I have been reflecting on the extraordinary and unexpectedly comprehensive understanding that has emerged from the universally shared experience of women from around the world following on from a third Leadership course provided for Anglican women in Rome in November 2017 and which has been offered over the last three years.
Each woman who attended reported individual and collective experiences over a lifetime of abuse, misuse and occasionally, violence or the threat of violence, along with the experience of being subjected to deliberate male privilege used against them. Used to keep them in their place, in order, under the control and subjected to the whim of those who seek to make sure they remain second-class citizens.
It was both a visceral shock and spiritually devastating, to reflect that half the human race is by its very existence, seen as a threat by the other half. By simply being women, women arouse the contempt and ill will of men. And any apologetic excuses ignores the wilful blindness and deliberate male privilege held tightly in place to keep women outside of their full humanity and purposefully denies their humanity.
Many men and women are made into co-conspirators, colluding in these practices to maintain the status quo, the social and cultural order because if it isn’t, things will change and men might not be in control which is frightening and resented by them; and women might need to be different in their response to God and men which requires each person to think and trust in God and be fully human when in relationship with men.
Secondly, to understand and accept women and men are made in God’s image is a profound and abiding joy and delight in God’s creation. Yet it is as men and women sharing equally in God’s justice and love, sharing in God’s plans for God’s creation, that such a notion of equality creates overwhelming fear in men as to encourage them to consistently beat, break and kill women, subjecting them to unspeakable violence and contempt. The only conclusion one can draw is such behaviour denies and rejects all claimed belief in God. Women are being crucified alongside Christ, and today we will be with Christ in paradise.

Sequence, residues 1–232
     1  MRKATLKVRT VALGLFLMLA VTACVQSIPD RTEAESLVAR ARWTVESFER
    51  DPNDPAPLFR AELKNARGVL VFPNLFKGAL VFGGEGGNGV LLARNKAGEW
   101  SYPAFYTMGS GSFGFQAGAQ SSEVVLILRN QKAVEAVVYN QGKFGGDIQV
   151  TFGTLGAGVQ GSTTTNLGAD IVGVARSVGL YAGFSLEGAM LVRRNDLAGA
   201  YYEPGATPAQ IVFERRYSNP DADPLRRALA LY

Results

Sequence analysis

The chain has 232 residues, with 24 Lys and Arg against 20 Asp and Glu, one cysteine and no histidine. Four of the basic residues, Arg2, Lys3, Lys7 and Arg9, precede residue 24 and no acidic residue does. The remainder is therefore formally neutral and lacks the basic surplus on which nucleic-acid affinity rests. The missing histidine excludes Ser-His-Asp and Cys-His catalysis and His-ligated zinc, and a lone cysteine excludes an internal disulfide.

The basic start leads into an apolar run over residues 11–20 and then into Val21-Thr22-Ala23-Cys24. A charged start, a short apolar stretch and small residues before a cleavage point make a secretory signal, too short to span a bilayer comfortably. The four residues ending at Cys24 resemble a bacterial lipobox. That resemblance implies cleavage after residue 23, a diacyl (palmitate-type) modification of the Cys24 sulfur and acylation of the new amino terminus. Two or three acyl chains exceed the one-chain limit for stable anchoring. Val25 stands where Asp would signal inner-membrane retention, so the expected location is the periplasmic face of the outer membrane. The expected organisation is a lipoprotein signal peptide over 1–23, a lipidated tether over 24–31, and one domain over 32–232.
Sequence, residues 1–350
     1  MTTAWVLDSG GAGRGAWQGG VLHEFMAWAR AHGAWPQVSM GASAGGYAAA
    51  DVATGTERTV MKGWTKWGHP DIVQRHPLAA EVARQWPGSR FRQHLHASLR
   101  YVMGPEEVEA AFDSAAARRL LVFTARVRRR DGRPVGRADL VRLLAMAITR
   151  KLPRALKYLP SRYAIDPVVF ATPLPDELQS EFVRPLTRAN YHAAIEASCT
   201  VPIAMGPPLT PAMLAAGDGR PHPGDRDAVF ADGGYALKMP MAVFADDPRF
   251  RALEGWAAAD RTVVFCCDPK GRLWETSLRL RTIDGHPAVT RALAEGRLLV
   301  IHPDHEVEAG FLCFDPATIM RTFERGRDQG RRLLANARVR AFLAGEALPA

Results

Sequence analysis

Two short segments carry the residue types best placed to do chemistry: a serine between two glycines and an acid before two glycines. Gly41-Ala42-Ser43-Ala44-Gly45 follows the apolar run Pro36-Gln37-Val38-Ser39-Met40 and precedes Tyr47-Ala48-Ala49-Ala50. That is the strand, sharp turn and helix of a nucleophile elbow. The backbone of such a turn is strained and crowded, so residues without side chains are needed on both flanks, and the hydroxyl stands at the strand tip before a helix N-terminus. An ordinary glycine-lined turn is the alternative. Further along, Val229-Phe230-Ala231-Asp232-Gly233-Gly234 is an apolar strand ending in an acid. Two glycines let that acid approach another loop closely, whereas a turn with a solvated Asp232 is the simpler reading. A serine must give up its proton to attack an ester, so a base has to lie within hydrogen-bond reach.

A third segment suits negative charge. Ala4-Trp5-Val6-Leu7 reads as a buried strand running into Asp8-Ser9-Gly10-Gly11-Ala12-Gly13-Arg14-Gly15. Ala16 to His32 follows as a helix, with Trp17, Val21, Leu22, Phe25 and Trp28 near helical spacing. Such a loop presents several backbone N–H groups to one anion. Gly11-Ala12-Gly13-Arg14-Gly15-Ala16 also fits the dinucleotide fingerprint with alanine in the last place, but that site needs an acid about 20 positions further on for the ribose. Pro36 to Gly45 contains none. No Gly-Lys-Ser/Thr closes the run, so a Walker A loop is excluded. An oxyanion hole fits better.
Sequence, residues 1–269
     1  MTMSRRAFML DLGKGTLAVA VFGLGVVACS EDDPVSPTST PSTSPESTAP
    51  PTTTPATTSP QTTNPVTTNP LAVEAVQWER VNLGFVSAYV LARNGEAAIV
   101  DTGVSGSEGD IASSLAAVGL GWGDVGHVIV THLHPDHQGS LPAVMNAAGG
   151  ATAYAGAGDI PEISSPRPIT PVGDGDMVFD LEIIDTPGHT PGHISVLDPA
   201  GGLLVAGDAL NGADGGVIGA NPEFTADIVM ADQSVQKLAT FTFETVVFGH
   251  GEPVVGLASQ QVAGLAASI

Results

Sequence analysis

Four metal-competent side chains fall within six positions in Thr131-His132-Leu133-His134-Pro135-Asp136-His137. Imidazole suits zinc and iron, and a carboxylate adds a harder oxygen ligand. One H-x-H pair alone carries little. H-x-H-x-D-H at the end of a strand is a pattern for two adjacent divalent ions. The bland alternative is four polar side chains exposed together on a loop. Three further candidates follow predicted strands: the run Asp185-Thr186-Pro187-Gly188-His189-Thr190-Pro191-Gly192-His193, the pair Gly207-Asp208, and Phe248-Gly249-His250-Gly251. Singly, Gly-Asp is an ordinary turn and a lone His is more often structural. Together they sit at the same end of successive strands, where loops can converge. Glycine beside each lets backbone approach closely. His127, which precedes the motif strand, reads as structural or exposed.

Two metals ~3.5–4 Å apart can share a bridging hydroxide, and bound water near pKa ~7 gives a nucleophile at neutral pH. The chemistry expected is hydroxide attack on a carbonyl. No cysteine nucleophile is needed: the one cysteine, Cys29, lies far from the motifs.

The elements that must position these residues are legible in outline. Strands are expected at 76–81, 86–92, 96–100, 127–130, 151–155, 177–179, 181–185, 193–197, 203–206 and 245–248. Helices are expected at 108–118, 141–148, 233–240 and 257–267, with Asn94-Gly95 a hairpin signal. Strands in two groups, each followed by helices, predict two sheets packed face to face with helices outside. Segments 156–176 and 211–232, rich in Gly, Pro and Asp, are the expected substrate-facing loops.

Whether the violence is physical, sexual, economic or political, whether it is spoken or unspoken, unconscious or consciously applied, whether it is culturally established over generations and so no longer seen or noticed, there is simply no excuse! There is no excuse ever for such blindness and vindictive cruelty. Tradition and custom do not make it right or just. God’s desire for God’s creation to be in God’s image rejects such explanations, excuses or denials, or even alternative world views that are outside God’s kingdom.
In the end, the patriarchal underpinnings of such behaviours must be rejected; and as a human race, we demand justice for women around the world, in all places, countries, homes, schools and workplaces and in our families.
The leadership courses showed us irrespective or race, colour, theology, education, wealth or poverty, single or married, all women have experienced the violence of discrimination, rejection, contempt and hatred. As a woman made in God’s image this is not acceptable; it is more than past time for this to change.
While this particular issue was not the focus of the course, for women from around the world to have the opportunity to reflect on the models and experiences of leadership of women in the early Christian church and in the world today throughout our Christian faith journeys, it has led inevitably to a reflection on the experiences of those who have been and who are leaders on what such a recognition of violence and discrimination means, in the past and in the present; and, what it has cost individually and in their communities. Such a reflection is shocking and it has all of us asking what it means for our future.
My thanks to the Anglican Centre in Rome for its sponsorship and support for the courses, for the women attending and sharing their understanding and the rich contributions to leadership for the church and the world, for their hospitality and for their courage in seeking God’s face in this issue of justice and in seeking to support women’s leadership around the world, both in the world and in the church.